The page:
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Bunbury changes culture of ports

THE Bunbury Port Authority is changing the commercial culture of towage services at Australian ports following its success in winning a landmark Federal Court case.

Foreign towage operators are now free to operate at Australian ports following a full bench decision which rejected Adsteam Marine’s appeal against BPA’s granting of an exclusive towage licence to newcomer Riverwijs.

The decision ends a year-long legal battle by the South West port to provide Riverwijs – a joint venture company between Riverside Marine of Brisbane and Dutch towage giant Wijsmuller – with an exclusive five-year contract and option for a two-year renewal.

It also paves the way for greater competition in the nation’s ports.

Adsteam provides towage, alone or in joint venture, at 32 of the 51 ports requiring towage services.

BPA general manager Dom Figliomeni said granting an exclusive license to Riverwijs over the incumbent monopoly service provider of 14 years, Stirling Harbour Services – an Adsteam-Howard Smith subsidiary – would minimise entry costs for the new operator.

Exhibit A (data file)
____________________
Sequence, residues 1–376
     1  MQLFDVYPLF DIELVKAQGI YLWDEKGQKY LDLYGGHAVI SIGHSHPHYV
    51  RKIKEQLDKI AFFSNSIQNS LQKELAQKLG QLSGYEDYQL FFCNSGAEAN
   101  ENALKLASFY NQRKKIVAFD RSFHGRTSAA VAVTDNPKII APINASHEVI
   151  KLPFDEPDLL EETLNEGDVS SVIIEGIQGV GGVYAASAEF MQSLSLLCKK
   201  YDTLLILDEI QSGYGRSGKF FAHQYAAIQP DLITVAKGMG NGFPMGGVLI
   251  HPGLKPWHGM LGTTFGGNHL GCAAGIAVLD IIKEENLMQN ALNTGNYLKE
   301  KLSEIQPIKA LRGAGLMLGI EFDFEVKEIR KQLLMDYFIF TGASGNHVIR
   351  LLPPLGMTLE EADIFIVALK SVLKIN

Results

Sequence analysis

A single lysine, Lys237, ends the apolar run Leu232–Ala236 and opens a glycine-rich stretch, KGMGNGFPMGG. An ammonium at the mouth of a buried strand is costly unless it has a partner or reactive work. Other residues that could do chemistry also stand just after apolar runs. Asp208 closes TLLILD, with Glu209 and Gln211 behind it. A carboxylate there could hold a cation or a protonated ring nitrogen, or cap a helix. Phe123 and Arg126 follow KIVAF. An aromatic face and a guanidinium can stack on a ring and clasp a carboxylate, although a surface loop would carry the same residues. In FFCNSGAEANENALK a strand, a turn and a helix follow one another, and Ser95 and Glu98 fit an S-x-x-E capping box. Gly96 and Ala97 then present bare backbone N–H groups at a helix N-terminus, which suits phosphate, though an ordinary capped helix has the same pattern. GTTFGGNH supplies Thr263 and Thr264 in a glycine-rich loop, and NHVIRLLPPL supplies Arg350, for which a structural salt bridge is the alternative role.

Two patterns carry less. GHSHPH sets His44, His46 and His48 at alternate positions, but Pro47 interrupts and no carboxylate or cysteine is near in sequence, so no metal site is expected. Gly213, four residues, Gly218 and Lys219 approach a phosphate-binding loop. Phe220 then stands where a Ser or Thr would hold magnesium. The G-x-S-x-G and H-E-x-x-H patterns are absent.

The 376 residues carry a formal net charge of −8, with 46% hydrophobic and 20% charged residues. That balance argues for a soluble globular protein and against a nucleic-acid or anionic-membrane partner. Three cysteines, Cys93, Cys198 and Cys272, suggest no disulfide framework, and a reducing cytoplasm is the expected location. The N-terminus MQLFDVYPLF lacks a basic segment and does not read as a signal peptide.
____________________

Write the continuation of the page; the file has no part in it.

The legal battle cost close to a million dollars, but port users were already reaping the rewards of the decision.

Since introduced on October 1, towage prices for entry and departure from Bunbury had been reduced by seven per cent and a range of more efficient work practices had been introduced such as guaranteed continuity of labour, a two-hour response for towage services and 24-hour availability of towage vessels.

“The court found that Adsteam’s litigation was designed to protect a strategic commercial position,” Mr Figliomeni said.

“It’s now up to ports around the country to make their own decisions about towage.

“There is no reason now why a towage operator from Singapore or

any other part of the world can’t come to Australia and offer its services. The main issue is that port users obtain the best service.”

Bunbury, which trades 10 million tonnes annually of alumina, woodchips, mineral sands and silica sands, received 11 expressions of interest when towage services were put out to tender in July last year.

Riverwijs executive director Ian Thomson said a natural monopoly existed at Australian ports because there wasn’t enough business to sustain more than one operator.

Sea Freight Council of WA executive officer Michael O’Callaghan said a small regional port had led the way in changing the commercial culture of towage in Australia.

“You can’t get an industry more globally attuned than the shipping industry, so if a foreign company can assist our shippers to be more internationally competitive then it is a good thing,” he said. Adsteam chief executive Clay Frederick could not be contacted.

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